What's an IFAK? (and why do you need one)
Individual first aid kits, sometimes called IFAKs, are equipped with supplies to treat a single person suffering from severe bleeding. The acronym “individual first aid kit” comes from military terminology for kits issued to soldiers in WWII.
What goes in an IFAK?
Choosing the contents of an IFAK depends on several factors—what is the level of training required, the willingness to learn and where will the kit be located? Regardless, every IFAKs should include some form of the following products:
1. Tourniquets: The single most critical piece of life-saving equipment in the event of penetrating trauma to an extremity, and probably the best investment in emergency medical gear for any trauma kit.
Selecting the best tourniquet for your needs can be confusing. Windlass style tourniquets such as the CAT (Combat Application Tourniquet) and the SOFTT-W are most popular in military and law enforcement, while products such as the SWAT-T may be more intuitive and faster to apply for untrained bystanders. Functionally, they all work to stem arterial bleeding from an extremity. Whichever you choose, it is recommended you become familiar with the tourniquet, practicing on others and yourself, before you need it.
2. Wound Packing Gauze: Effective wound packing involves forcing gauze into the wound cavity and maintaining direct pressure until bleeding stops. There are two types of wound packing gauze, referred to as conventional and hemostatic.
Conventional gauze relies on physical pressure to constrict blood flow -- the more gauze that is packed into the wound, the less room for blood to flow out.
Hemostatic gauze is impregnated with a hemostatic agent which accelerates clotting and can reduce the amount of time direct pressure must be applied to an arterial bleed. The downside of hemostatic agents is the higher price and the expiration date (generally a five-year shelf life).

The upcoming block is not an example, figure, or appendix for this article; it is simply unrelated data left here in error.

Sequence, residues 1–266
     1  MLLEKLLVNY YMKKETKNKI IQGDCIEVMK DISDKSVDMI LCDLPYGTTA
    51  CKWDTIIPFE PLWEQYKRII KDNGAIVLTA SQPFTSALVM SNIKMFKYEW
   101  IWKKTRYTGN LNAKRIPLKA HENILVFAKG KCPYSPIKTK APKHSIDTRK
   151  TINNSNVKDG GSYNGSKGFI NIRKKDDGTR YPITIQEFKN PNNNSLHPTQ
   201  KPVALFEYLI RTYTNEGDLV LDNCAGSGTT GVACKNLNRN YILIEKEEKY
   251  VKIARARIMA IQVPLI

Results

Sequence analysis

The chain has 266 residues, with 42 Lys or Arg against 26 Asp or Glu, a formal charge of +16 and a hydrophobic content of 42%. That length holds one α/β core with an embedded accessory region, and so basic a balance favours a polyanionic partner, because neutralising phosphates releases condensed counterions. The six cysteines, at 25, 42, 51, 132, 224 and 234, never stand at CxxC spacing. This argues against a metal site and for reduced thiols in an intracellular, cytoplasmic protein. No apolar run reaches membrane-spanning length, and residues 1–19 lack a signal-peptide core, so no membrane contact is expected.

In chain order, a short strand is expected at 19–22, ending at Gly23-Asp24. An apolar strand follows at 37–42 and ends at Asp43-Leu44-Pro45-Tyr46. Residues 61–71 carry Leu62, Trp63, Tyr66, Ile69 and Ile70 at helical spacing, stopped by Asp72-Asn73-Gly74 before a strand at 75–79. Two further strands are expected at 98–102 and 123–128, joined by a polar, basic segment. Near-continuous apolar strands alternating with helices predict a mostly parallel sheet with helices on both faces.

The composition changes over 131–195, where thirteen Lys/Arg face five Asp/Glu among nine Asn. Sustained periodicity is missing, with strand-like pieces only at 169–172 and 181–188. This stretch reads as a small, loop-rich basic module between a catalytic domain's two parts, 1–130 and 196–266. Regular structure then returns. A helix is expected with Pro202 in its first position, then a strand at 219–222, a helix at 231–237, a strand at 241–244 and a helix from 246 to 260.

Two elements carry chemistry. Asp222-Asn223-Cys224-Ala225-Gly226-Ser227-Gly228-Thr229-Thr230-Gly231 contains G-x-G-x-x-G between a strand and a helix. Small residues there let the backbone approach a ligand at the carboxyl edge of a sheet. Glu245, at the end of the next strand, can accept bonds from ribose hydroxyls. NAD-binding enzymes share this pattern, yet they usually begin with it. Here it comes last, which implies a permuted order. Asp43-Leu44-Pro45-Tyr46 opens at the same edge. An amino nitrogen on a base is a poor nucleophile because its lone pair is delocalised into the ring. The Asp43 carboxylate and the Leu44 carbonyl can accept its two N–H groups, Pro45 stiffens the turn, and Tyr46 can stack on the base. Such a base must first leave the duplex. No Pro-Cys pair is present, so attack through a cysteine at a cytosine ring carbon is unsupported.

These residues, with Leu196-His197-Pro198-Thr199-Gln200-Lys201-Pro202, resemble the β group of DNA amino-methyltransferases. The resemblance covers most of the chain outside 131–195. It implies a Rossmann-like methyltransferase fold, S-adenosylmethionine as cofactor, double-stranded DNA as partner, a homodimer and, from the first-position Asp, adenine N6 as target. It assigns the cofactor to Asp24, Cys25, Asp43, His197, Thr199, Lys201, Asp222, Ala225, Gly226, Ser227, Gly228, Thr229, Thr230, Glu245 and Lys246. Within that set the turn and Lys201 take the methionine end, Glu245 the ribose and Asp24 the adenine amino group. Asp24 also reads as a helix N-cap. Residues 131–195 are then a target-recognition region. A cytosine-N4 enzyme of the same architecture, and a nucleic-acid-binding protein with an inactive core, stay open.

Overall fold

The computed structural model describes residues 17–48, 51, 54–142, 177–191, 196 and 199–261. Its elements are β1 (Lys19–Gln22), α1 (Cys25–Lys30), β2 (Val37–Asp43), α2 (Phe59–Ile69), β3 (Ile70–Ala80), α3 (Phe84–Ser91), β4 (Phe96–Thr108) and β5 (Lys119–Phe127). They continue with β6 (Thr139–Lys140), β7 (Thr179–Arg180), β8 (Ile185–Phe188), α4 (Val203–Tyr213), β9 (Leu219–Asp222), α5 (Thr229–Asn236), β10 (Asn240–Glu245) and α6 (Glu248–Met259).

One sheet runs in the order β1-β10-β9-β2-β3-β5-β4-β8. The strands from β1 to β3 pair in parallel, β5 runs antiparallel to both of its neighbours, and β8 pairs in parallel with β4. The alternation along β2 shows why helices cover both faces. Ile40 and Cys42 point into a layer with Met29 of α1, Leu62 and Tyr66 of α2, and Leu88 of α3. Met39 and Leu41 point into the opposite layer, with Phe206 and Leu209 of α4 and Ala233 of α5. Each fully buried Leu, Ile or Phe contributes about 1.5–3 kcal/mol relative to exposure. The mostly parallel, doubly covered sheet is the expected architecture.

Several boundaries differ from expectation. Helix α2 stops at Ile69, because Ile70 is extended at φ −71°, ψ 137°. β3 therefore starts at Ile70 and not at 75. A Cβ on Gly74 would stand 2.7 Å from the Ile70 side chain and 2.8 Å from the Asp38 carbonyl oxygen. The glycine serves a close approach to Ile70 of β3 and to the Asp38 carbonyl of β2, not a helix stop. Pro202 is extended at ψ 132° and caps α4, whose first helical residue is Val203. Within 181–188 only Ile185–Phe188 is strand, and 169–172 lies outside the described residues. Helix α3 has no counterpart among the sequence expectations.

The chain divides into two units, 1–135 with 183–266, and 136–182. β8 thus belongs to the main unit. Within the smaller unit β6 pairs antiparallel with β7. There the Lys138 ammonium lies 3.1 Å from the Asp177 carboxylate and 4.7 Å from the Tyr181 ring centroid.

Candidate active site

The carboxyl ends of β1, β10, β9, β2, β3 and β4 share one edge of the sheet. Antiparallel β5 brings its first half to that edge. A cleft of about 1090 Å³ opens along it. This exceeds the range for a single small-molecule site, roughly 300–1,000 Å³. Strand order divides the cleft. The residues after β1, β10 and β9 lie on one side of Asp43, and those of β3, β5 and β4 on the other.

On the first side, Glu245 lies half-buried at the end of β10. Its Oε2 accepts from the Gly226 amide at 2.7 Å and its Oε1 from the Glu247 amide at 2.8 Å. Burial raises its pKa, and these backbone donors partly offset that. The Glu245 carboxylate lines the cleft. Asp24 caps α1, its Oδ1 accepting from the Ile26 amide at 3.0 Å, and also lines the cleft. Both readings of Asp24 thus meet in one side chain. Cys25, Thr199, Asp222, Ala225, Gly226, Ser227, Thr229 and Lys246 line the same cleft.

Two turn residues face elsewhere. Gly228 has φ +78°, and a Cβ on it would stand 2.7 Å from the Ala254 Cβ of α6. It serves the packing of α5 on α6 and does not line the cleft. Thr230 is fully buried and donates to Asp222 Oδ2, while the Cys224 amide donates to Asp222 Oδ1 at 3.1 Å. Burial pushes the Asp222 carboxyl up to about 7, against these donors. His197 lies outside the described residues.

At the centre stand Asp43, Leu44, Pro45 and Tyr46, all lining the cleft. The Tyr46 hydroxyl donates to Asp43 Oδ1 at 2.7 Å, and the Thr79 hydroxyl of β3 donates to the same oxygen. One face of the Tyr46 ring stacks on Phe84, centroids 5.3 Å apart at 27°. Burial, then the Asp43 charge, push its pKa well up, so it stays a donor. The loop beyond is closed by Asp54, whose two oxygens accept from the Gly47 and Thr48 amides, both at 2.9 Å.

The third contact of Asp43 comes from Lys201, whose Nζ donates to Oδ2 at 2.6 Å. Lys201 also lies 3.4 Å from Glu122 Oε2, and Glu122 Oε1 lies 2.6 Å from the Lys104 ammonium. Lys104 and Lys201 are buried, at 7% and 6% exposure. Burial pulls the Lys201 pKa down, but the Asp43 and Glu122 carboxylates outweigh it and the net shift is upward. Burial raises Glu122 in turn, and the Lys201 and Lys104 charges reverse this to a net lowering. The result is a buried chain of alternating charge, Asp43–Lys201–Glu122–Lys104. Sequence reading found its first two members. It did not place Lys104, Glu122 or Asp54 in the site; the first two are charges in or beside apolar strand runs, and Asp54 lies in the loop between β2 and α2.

3. Pressure Dressing and Bandages: Designed to be applied after the wound is packed with gauze. They work by further restricting blood flow from a penetrating wound by applying pressure over the injury and holding the wound packing gauze in place. The product choices range from an elastic bandage (think ACE wrap) to more sophisticated designs with military origins.
In a school situation, rolled bandages such as the NAR Responder, which has a hook-and-loop closure, or the NAR Control Wrap, which has a special feature to prevent the bandage from accidentally unrolling during application, are intuitive and proven.
Other designs, such as the Olaes Bandage, incorporate wound-packing material (gauze) along with a bandage for the ability to apply direct pressure to a wound site and to cover/protect the wound. The popular Israeli Bandage consolidates multiple first-aid devices -- primary dressing, pressure applicator, secondary dressing, and a foolproof closure apparatus to secure the bandage in place.
4. Shears: In a high-stress emergency bleeding situation, shears are safer for the patient and make it much easier for the first responder to cut away clothing to obtain access to a wound.
5. Nitrile Gloves: If you are in a situation where a trauma kit is needed, you will either be treating a patient, yourself, or someone else could be using it to treat you. In any instance, the first responder should take precautions to limit exposure to bloodborne pathogens. For the modest cost, several pairs of nitrile gloves are an excellent investment.
6. Rescue Blanket: Keeping a casualty warm will help delay the onset of shock, a common result following severe trauma. Hypothermic patients have a lower survival rate than normothermic patients, so maintaining body temperature at the time of injury is crucial.
7. Casualty Extraction Litter: Getting the injured quickly and safely out of the hot (danger) zone and to a collection area is critical to improving medical outcomes. Lightweight, portable and inexpensive, disposable litters are usually constructed of nylon webbing backed with nylon or non-woven fabric. Patients can be carried by fewer people using these stretchers, which is safer for the patient and the responders.
Placement of IFAKs
IFAKs are small enough to fit in a vehicle or carried by a person and should be easily on hand at home too. Other logical places might be a workshop, on a job site, in an AED box at work, or other places where the risk of penetrating injury of severe lacerations is possible.
Empowering with Equipment and Training
We recommend training for everyone on proper use and application for these tools. Most of these products come with instructions and are not difficult to use, but being familiar and trained to respond ahead of time is imperative. When stress levels are heightened and time is of the essence, muscle memory can empower the immediate responder to initiate action quickly and effectively. To view a list of tactical medical and stop the bleed trainers in your area, click here.